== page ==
This last week has been an exciting week for the farm. Spring is coming, and with it new baby chicks, lamb, and soon, calves! Though new life is a marvelous and beautiful thing, people often forget about the beauty of the old life, and how it too is eagerly anticipating the coming of spring. Alongside preparing our brooders and barns for this exciting new life, we’ve been preparing our pastures for the return of their long missed grazers. We are excited to get the sheep and cattle out of the smaller winter pasture and out into the large pastures (some of which we put in place just last year!), where they can dine on a much broader selection of springtime greens, and enjoy a much larger area in which to roam.
Speaking of roaming, this last Monday, Erick, Conner, and Evan Smith went on a night time escapade to move the chickens from their winter structure, to their summer “egg-mobiles”. During the winter, the chickens are moved into a stationary green house facility in order to keep warm (top image). This facility features an effective green-house covering in order to capture the energy of the sun to keep our chickens nice and cozy, and though they are allowed outside to range on some of the warmer days, they are confined to the warmth of the green house for most of the season; but now that spring is here, we are excited to move the chickens back to their summer housing!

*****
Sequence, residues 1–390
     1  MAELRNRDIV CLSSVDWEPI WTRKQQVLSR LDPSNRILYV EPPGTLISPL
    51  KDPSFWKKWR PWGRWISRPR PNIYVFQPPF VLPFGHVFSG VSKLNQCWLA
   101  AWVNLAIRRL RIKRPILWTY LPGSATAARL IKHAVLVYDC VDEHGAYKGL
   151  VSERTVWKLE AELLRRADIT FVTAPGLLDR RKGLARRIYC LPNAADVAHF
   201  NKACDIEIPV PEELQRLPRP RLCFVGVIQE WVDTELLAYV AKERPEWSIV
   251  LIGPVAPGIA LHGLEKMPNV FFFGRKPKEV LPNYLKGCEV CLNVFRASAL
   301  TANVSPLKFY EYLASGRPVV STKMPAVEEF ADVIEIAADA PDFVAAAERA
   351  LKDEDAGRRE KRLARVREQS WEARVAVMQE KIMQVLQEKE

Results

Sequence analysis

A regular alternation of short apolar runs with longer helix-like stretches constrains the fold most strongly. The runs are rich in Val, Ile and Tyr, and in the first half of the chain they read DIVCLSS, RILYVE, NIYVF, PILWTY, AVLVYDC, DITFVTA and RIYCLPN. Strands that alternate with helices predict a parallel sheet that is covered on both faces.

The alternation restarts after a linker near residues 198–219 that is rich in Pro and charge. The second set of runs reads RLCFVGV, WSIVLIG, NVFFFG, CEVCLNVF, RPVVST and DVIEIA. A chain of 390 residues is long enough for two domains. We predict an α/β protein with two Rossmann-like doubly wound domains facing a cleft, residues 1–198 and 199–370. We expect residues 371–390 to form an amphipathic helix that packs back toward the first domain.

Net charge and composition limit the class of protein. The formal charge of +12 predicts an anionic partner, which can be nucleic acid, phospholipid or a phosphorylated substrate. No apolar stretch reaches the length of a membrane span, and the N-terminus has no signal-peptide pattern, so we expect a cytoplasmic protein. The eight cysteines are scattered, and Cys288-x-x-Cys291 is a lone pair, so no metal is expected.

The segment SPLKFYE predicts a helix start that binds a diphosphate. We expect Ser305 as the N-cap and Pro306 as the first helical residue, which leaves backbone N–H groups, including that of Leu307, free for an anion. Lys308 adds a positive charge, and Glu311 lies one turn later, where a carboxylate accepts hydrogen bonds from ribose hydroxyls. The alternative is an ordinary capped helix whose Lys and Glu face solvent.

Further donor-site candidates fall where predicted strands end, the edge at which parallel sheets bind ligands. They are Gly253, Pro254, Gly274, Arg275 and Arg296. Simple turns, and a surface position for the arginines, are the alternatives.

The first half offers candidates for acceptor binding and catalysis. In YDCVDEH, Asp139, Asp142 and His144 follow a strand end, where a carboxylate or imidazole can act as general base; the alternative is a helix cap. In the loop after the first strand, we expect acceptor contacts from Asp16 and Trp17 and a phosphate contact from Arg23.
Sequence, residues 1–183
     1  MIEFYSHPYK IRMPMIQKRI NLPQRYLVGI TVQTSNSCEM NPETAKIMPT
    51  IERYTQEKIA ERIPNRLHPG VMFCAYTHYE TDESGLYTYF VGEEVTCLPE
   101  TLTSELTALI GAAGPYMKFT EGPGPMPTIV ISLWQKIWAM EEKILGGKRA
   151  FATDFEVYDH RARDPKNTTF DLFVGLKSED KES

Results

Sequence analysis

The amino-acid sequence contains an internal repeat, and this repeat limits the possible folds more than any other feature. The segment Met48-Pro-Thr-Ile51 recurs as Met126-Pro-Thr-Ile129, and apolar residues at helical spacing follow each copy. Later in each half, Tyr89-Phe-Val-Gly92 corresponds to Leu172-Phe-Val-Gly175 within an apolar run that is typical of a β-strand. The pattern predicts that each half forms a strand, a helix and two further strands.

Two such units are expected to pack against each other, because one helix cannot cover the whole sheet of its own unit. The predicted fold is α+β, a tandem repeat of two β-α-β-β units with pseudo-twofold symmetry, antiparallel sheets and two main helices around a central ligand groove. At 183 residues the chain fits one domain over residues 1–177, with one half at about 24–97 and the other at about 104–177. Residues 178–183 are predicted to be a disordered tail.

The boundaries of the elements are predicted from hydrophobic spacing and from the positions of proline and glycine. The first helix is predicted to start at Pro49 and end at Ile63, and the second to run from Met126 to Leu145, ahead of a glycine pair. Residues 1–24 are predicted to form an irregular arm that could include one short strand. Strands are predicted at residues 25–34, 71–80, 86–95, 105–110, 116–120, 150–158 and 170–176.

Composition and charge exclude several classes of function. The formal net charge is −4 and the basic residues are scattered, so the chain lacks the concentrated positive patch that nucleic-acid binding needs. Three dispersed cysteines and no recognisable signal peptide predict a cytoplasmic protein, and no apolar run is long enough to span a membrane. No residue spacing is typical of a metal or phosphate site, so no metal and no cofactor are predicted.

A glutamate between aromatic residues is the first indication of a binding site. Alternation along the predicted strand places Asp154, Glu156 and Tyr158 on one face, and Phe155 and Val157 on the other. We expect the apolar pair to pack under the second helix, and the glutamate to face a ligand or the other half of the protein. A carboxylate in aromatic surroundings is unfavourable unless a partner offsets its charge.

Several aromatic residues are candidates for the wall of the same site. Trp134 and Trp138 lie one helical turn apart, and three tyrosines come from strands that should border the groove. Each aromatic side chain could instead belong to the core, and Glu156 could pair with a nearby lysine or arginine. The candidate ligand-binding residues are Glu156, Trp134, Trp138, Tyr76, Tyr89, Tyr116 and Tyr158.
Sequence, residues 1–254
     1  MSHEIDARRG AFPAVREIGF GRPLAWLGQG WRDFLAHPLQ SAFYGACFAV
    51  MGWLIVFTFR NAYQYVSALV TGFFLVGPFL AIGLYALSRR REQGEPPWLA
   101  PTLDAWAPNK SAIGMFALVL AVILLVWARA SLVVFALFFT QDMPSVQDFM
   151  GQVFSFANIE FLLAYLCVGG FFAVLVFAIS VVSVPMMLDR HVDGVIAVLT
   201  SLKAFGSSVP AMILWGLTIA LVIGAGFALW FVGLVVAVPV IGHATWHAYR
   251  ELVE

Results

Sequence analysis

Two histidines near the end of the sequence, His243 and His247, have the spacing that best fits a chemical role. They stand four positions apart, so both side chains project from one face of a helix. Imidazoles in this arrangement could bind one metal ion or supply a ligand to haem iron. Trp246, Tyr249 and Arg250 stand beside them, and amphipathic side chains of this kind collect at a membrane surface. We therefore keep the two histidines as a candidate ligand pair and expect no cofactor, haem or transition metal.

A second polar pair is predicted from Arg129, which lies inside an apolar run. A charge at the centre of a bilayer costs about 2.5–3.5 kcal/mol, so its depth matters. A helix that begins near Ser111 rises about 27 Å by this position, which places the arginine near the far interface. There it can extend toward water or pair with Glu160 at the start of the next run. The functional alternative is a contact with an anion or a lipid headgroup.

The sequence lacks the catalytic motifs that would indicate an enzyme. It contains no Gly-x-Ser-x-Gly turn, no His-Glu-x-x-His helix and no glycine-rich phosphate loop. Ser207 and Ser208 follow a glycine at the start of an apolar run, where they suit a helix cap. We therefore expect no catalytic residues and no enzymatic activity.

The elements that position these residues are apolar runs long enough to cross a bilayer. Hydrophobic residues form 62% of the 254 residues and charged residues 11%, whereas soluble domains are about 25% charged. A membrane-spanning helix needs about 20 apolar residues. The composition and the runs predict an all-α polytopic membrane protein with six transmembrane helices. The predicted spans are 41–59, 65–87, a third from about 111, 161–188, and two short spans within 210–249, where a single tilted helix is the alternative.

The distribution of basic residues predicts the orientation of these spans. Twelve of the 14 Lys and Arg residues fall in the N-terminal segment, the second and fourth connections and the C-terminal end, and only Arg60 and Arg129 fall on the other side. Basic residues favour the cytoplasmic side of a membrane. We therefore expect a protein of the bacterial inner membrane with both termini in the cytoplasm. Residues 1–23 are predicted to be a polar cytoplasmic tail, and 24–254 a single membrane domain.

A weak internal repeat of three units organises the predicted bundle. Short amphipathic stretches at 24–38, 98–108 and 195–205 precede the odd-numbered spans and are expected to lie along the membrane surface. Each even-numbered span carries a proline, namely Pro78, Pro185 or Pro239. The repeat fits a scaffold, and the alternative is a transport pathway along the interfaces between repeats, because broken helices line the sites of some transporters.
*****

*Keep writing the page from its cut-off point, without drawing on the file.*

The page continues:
Our summer “egg-mobile” (bottom image) is simply a reclaimed livestock trailer, equipped with all the creature comforts a chicken could desire. During the day, the doors are opened and the chickens are let out to free-range the pasture. At night, the chickens all return to their roosts in the trailer and a member of the Smith family takes an evening walk to close them in, and protect them from various predators. In order to teach them to return to their trailer at night (rather than attempting to make it back to their winter home), the chickens are confined to their trailer for roughly a week. During this time, they get used to their summer quarters, and learn to view it as home. Once they accept their trailer as home, they can be moved from pasture to pasture to free-range the way God intended.